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Published In: Neue Entdeckungen im Ganzen Umfang der Pflanzenkunde 2: 135. 1821. (Neue Entdeck. Pflanzenk.) Name publication detailView in Biodiversity Heritage Library

Project Name Data (Last Modified On 8/11/2017)
Acceptance : Accepted
Project Data     (Last Modified On 7/9/2009)
Status: Native


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3. Bidens beckii Torr. ex Spreng. (water marigold)

Megalodonta beckii (Torr. ex Spreng.) Greene

Pl. 284 g, h; Map 1151

Plants perennial herbs, submerged aquatics (except for the stem tips and heads). Stems 50–200 cm or more long, glabrous. Leaves of two dissimilar kinds, both kinds sessile or nearly so, glabrous, the submerged leaves opposite or sometimes in whorls of 3, the blade 1.5–3.5 cm long, fan-shaped to nearly circular in outline, repeatedly dichotomously dissected into narrowly linear (threadlike) segments, grading abruptly into the emergent leaves, which are 0.5–4.0 cm long, lanceolate to narrowly oblong-elliptic, unlobed, tapered to a sharply pointed tip, the margins finely to coarsely and sharply toothed. Inflorescences of solitary terminal heads, occasionally with 1 or a few additional heads from the uppermost leaf axils, the heads radiate, not nodding at fruiting. Involucre with the outer series of 5 or 6 bracts 5–8 mm long, spreading to loosely ascending, oblong to obovate, glabrous; the inner series of 7–9 bracts 7–10 mm long, ovate, glabrous. Chaffy bracts narrowly lanceolate, usually purplish-tinged at the tip. Ray florets present, 6–8, the corolla showy, 10–15 mm long, yellow. Disc florets 10–40, the corollas 5–6 mm long, light yellow. Pappus of (2–)3–6 awns 13–30 mm long (elongating as the fruit matures), these with downward-pointed barbs toward the tip, more or less spreading at fruiting. Fruits 10–15 mm long, linear, more or less circular in cross-section, brownish yellow to yellowish brown, the surfaces smooth, glabrous. 2n=36. July–October.

Uncommon, known only from a single historical collection from the city of St. Louis (northern U.S. south to Oregon, Illinois, and Maryland; Canada). Lakes, submerged aquatics.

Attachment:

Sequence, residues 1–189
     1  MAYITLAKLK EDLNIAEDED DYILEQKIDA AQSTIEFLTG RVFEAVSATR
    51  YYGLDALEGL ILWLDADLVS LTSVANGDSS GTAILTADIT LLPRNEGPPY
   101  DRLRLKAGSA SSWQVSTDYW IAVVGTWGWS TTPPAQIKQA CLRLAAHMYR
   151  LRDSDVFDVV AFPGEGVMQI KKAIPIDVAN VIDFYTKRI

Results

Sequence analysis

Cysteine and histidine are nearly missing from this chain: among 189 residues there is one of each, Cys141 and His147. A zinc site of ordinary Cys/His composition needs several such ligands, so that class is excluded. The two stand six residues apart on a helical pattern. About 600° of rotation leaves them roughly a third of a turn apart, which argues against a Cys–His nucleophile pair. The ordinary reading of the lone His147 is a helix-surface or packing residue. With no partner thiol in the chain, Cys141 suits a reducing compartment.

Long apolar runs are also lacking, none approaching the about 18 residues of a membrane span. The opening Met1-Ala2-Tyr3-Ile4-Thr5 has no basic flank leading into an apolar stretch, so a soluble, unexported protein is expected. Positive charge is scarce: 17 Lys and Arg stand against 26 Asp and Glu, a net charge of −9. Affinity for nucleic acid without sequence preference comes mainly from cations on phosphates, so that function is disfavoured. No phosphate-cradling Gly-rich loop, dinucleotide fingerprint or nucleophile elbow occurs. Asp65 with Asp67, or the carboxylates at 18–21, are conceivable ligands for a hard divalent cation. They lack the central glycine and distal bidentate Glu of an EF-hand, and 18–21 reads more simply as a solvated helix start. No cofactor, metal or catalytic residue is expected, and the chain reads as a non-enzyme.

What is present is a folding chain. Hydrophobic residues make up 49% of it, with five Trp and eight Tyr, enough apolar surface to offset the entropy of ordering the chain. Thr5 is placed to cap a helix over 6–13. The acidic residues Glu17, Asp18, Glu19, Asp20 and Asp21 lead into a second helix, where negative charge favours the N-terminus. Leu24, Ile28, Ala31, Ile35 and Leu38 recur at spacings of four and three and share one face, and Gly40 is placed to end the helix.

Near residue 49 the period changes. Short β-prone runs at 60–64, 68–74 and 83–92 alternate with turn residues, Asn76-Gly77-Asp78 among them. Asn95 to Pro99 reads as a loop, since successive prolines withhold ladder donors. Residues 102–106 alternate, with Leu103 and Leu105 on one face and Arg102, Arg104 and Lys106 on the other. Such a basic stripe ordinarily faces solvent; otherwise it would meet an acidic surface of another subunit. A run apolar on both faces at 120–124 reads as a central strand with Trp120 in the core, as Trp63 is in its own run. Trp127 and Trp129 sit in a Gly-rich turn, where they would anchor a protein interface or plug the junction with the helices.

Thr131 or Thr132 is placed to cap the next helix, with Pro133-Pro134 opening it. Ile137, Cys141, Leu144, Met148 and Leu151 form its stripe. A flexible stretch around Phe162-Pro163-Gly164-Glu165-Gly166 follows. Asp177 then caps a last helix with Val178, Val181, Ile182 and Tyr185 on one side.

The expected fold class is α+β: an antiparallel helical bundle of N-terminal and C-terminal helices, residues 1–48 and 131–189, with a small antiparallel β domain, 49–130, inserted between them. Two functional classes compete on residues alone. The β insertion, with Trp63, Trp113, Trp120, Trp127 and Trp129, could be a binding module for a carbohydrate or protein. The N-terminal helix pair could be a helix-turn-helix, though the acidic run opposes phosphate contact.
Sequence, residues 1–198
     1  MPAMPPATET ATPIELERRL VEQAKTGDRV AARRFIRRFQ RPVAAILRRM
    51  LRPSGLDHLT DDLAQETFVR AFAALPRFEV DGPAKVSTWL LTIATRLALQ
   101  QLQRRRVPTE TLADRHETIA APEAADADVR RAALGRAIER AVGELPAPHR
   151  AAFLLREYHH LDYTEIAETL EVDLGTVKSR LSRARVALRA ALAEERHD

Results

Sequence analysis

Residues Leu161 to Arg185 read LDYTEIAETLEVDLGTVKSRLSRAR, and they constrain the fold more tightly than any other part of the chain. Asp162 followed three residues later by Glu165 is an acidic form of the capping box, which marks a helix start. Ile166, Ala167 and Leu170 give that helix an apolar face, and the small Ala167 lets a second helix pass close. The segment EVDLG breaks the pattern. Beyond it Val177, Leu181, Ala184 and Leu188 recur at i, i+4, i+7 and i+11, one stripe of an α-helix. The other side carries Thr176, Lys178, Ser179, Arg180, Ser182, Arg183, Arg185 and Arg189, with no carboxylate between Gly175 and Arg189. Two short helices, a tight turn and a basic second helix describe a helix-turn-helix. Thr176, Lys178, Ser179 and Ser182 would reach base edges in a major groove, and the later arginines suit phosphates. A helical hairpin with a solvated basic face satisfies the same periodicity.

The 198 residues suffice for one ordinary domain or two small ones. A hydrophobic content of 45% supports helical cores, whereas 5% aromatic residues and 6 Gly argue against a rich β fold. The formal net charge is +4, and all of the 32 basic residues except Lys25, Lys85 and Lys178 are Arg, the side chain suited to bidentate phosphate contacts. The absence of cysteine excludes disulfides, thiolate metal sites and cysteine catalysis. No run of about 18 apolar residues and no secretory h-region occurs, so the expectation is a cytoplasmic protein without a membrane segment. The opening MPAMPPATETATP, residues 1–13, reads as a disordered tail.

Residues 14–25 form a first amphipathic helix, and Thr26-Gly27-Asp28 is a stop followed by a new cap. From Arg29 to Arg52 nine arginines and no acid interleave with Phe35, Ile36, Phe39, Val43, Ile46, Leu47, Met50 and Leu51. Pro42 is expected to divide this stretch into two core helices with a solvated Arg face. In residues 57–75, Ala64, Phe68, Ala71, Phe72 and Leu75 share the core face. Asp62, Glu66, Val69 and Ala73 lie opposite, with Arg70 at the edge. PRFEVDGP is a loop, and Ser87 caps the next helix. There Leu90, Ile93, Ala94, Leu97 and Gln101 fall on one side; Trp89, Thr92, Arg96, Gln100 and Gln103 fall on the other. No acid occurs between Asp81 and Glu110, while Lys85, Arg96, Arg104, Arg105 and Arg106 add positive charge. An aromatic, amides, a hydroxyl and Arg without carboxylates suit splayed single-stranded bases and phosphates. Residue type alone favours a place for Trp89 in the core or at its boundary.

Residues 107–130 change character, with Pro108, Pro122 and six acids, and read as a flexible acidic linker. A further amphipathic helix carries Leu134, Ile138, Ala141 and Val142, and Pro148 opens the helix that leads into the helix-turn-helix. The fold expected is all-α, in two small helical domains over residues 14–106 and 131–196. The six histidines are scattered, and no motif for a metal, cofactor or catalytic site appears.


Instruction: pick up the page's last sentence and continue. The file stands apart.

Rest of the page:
Steyermark (1963) discussed the ambiguity in whether George Engelmann’s 1846 St. Louis record was collected in Missouri or whether it actually originated from just across the Mississippi River in the American Bottoms area of St. Clair County, Illinois. In the absence of data to the contrary, the record is accepted here. Regardless of its historical status, the species appears to have become extirpated from the St. Louis metropolitan region. This unusual species is relatively uncommon throughout its range and apparently disappears from ponds and lakes quickly following hydrological disturbances. Roberts (1985) noted that the species produces specialized modified stem segments known as turions that facilitate vegetative dispersal of plants and also act as a mechanism for overwintering. He discussed that these are morphologically similar to turions produced in another genus of submerged aquatics, Myriophyllum (Haloragaceae). Vegetatively, however, B. beckii resembles more closely the genus Ceratophyllum (Ceratophyllaceae), which is common in still waters in Missouri. Members of Ceratophyllum tend to have the dichotomously parted leaves divided fewer times than in B. beckii, and the margins tend to have minute teeth. Ceratophyllum also produces minute axillary flowers that develop into individual achenes with a spiny tip and margins.

Roberts (1985) followed Sherff (1955) in segregating the species into its own genus, Megalodonta Greene, based on its morphological adaptations to an aquatic lifestyle, differences in phytochemistry, and an unusual chromosome number. Preliminary molecular phylogenetic studies (Kimball and Crawford, 2004) did not uphold this generic segregation, although they failed to resolve details of the relationships among B. beckii and its relatives in Bidens and Coreopsis.



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